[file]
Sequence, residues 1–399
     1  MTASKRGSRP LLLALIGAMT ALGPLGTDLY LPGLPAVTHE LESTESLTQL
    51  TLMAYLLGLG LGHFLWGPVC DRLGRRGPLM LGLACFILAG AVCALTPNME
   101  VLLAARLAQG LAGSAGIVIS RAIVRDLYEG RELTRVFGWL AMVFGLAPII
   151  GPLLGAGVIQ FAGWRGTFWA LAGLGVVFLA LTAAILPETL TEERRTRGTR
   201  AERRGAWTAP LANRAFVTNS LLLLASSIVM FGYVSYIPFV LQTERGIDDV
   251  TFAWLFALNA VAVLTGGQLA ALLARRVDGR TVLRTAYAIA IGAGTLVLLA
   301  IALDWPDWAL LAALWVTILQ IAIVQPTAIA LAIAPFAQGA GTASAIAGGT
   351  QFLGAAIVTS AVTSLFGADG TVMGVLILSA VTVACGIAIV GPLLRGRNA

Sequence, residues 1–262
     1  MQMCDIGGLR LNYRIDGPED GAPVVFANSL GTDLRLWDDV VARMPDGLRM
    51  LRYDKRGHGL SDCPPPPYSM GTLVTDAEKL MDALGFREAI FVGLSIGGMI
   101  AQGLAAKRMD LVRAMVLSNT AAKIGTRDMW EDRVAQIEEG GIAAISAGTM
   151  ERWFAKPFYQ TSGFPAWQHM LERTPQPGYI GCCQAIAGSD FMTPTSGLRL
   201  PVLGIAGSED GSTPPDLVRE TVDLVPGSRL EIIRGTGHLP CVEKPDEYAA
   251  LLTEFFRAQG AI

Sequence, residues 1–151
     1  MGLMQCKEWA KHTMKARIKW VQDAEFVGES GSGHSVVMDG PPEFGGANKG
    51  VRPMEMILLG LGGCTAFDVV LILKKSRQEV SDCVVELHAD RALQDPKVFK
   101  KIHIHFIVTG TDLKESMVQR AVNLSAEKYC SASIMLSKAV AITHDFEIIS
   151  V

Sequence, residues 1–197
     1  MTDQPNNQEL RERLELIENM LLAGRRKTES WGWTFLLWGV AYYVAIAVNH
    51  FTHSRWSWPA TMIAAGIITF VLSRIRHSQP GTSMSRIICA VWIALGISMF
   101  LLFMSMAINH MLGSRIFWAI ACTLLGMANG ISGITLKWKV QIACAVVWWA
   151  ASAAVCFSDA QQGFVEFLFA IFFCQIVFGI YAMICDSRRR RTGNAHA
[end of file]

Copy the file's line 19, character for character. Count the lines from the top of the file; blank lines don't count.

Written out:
    51  VRPMEMILLG LGGCTAFDVV LILKKSRQEV SDCVVELHAD RALQDPKVFK